All those races Jean Alesi was on the verge of championship greatness – race, after race, after season, after season. In the end a lone Grand Prix victory in Canada. In those years, in those flawed Ferrari race cars, could any driver have done better? Fast forward again to the tail-end of the 2020 season, and Ferrari have masticated another champion to a goo of exhausted former hero. No worry for them, they have their teeth into young Charles for many seasons to come. Ouch. Could he now suffer as Alesi once did, and Vettel so recently has?
Vettel meanwhile, is doing an alarming impression of Damon Hill post-Williams, off to the grand visionary plans of Aston. The business universe might be talking "Industry 4.0", but Aston is way ahead of them, this must be what? Rebirth fifty-five? Well, possibly not that many, but it has been many relaunches for dear Aston. So we have united, the punch-drunk brand name and the former on-track hero. It's got to end coated in golden glory and delight, surely...? "There's always been Vettel..."
Or does the ghost of Alesi haunt these corridors too? Every driver to grasp a steering wheel in anger is resolute that they have a golden path to World Championship glory. Yet most will eventually bow out from the sport a few years later, thank the Lord, usually live these days, with possibly a few fine laps under their belt, an infrequent podium, and for the rare few, some race wins.
Vettel has not yet taken his exit to stage left. He is being pursued by the bear of underachievement right now, but with four, four, Driver's Championships already safely tucked into his glory box.
Damon had a modest single championship tucked in his satchel when he strolled into the joyful embrace of Arrows. A string of nearly dream-come-true moments all falling apart on the wrong side of the finish line followed, until, head remaining high, but record not enhanced, he moved into his true life's calling, that of being George Harrison's doppelgänger. A role he masterfully fulfils to this day. Head still high, spirit unbroken, golden history available for viewing by any that elect to go find it.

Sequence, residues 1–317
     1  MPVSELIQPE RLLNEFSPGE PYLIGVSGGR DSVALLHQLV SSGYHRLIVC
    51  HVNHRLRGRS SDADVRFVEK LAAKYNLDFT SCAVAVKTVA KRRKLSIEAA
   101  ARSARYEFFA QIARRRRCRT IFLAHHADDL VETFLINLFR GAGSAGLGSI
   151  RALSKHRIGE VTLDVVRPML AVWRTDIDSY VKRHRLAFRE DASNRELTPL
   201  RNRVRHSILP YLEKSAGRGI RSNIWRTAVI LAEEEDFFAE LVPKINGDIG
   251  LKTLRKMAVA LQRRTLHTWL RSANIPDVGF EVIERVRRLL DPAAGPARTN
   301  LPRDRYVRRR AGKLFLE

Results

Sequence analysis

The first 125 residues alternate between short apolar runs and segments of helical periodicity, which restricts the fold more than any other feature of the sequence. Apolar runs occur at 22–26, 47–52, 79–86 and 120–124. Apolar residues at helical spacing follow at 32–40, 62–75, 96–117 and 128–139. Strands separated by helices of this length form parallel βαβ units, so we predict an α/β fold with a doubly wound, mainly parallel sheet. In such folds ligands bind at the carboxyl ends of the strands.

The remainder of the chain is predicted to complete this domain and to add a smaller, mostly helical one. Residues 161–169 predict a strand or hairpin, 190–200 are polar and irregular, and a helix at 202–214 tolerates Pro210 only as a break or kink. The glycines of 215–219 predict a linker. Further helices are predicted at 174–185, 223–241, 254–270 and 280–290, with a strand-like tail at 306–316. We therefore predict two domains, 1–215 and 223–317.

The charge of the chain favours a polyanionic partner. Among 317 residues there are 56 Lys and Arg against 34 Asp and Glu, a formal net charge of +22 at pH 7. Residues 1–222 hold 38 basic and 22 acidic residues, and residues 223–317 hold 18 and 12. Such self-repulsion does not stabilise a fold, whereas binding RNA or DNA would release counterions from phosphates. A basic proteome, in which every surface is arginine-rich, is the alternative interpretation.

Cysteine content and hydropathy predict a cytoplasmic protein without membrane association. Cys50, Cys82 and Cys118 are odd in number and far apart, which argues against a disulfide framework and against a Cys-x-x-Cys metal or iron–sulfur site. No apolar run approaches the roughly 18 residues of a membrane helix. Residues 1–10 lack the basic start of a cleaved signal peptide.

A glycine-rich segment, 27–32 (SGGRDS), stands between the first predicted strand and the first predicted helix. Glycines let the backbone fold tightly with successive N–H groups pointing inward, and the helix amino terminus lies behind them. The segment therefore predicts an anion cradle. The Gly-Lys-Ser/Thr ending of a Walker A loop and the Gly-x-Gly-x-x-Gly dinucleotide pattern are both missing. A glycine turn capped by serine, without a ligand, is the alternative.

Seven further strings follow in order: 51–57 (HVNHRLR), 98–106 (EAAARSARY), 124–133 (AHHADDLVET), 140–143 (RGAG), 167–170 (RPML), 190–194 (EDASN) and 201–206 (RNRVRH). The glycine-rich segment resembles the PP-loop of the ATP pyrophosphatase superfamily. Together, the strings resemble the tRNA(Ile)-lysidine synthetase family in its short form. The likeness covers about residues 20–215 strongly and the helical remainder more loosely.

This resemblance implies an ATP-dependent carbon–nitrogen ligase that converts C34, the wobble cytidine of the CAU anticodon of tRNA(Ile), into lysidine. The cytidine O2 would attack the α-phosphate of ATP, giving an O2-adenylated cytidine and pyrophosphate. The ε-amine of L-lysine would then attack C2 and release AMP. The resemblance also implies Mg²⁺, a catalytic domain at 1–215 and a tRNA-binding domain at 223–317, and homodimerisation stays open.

So many options for how this ends for Vettel! When Peter Gabriel departed Genesis, which was huge news for progressive rock lovers around the planet, and somewhat unnoticed by a rather larger group of humanity, he wrote an open letter in which he confirmed he was not "Doing a Bowie, doing a Ferry, or doing a furry boa..."
Alesi recently sold his beloved Ferrari F40 to continue financing his son's racing career, which appears to have stalled all the same. No son's career, no F40, no world championship. Yet here Alesi stands, a proud and capable man, with a remarkable racing career, and a feel for a car in the wet which is among the top on the planet, no matter the era.
Damon lives a family life, echoing reflections of George into a grateful universe.
So what now Vettel? When the helmet is hung-up for the last time, there will still be Vettel. The man, the father, the four-time champion, the racer. He already has a golden history confirmed in the record books.
Next season will be a coda no matter how it plays out. A decade or so from now, the four championships will be writ large, and the coda will be hummed by no one. Yet next season is still a delightful reality yet to dance into the light of day. For now we can savour that at least one last time "There's always been Vettel."
Gabriel rounds out the verse by singing, "Listen son you're wasting time; there's a future for you in the fire escape trade. Come up to town! But I remembered a voice from the past 'Gambling only pays when you're winning'..."
Has Vettel thrown open the fire escape to run from the burning building, or has he prised it open to run into the burning building? We the curious fans are about to discover which. He used to gamble when he won, and it paid out with glittering championships. Now he is not winning is this gamble going to return him anything?
For at least one more season we can smile, anticipating each race, safe in the knowledge that no matter his starting or finishing positions, Vettel will entertain. One more joyful season in which... sing it with me dear reader... "There's always be Vettel!"
Learn more about Max and check out his previous features, here